Tomcat – do things after response

I have a servlet for the purposes of uploading my application’s database in android.The database is processed on the server side but that could take a while. At the moment, I’m just returning back with a response that the upload has been successful using PrintWriter.write(). Is there a way after the response has been sent to …

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Tomcat – do things after response

I have a servlet for the purposes of uploading my application’s database in android.
The database is processed on the server side but that could take a while.
At the moment, I’m just returning back with a response that the upload has been successful using PrintWriter.write().
Is there a way after the response has been sent to the client(my android app) to start processing the file?
If I send a redirect to another servlet or forward the request using the dispatcher, I won’t have a response until the servlet that carries out the processing is finished.
What’s the best way, to respond to the user instantly,let the processing of the database begin and send the results back to android (note this could take 5 minutes or 10 minutes, depending on the database – so I’m assuming I would need some sort of listener to poll on the server whether the results have been processed and ready to be shown on the client)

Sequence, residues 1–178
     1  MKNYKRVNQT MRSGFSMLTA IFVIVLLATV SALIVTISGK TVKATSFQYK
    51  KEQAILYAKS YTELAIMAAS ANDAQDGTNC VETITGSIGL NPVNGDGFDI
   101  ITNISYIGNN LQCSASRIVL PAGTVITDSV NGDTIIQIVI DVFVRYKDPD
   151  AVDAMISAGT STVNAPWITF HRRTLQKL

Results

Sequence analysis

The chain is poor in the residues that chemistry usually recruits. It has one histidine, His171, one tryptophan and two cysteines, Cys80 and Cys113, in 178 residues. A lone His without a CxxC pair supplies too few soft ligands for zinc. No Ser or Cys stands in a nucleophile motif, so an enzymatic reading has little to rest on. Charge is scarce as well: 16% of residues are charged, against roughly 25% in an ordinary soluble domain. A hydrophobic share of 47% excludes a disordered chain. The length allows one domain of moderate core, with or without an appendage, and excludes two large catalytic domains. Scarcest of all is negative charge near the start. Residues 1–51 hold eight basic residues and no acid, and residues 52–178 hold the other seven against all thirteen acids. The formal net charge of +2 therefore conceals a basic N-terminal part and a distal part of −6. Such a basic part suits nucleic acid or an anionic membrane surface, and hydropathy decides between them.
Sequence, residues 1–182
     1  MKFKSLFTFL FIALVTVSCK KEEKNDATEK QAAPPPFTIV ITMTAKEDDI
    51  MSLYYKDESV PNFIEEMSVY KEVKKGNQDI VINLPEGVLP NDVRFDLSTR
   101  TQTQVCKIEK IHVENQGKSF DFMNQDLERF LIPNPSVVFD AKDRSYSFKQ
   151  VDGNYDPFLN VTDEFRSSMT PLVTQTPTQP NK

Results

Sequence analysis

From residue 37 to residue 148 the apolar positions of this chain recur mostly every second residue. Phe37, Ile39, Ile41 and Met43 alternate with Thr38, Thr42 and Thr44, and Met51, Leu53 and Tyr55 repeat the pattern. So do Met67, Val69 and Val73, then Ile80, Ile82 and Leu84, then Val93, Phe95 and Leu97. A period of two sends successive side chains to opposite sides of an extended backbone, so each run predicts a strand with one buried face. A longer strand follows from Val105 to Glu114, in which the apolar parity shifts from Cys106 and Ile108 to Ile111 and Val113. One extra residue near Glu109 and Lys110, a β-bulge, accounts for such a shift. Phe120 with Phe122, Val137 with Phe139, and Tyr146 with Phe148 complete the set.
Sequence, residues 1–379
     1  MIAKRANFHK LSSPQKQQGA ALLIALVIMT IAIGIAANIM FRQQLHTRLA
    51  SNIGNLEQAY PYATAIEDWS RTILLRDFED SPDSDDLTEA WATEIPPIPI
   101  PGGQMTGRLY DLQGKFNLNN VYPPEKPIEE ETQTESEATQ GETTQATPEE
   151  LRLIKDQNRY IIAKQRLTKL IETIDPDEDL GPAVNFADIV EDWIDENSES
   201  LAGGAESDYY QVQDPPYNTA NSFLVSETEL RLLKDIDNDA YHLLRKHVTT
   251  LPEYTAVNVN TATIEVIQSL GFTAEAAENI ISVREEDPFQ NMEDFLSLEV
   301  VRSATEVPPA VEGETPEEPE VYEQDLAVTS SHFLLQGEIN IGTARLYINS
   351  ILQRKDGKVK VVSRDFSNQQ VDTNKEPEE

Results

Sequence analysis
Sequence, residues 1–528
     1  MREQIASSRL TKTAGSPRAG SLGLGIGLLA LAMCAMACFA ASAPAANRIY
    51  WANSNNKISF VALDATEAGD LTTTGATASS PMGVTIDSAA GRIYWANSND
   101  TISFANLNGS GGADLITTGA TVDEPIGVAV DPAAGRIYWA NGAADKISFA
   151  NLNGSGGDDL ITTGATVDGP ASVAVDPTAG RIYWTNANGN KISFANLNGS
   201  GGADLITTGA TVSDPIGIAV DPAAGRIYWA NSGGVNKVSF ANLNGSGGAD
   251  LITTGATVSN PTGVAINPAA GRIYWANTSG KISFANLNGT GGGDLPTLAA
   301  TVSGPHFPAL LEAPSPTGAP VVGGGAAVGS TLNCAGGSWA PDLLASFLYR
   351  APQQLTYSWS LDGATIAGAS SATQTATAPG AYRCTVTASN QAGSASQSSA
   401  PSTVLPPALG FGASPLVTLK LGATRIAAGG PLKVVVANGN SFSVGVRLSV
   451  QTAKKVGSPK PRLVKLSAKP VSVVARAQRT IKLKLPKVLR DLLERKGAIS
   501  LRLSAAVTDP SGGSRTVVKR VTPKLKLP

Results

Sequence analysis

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The backend processing can be done via a job, e.g. via Quartz. If the server could be replaced with JBoss AS, Glassfish or Resin, a simple @Asynchronous annotated method could also do the job here.
You can indeed poll the server continuously to ask if it’s already done. This is what the majority of the AJAX based progress bars in a web environment also do.
Alternatively you could make use of reverse AJAX (Comet) to prevent the polling (see e.g. http://atmosphere.java.net/). In that case the server is able to push a response back to you as soon as it’s done. This does necessitate some kind of eventing on your server. If you could replace the server with JBoss AS or Glassfish, the CDI event bus could be an option. Otherwise, a shared object in the HTTP session on which you call wait/notify is a crude alternative.

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Tomcat – do things after response

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